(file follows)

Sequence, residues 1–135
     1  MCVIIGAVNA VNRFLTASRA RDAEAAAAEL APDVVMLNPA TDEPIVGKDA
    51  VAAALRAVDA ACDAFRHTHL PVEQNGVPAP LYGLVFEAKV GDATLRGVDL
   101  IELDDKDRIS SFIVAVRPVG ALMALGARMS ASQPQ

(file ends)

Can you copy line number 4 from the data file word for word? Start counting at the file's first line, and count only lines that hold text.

   101  IELDDKDRIS SFIVAVRPVG ALMALGARMS ASQPQ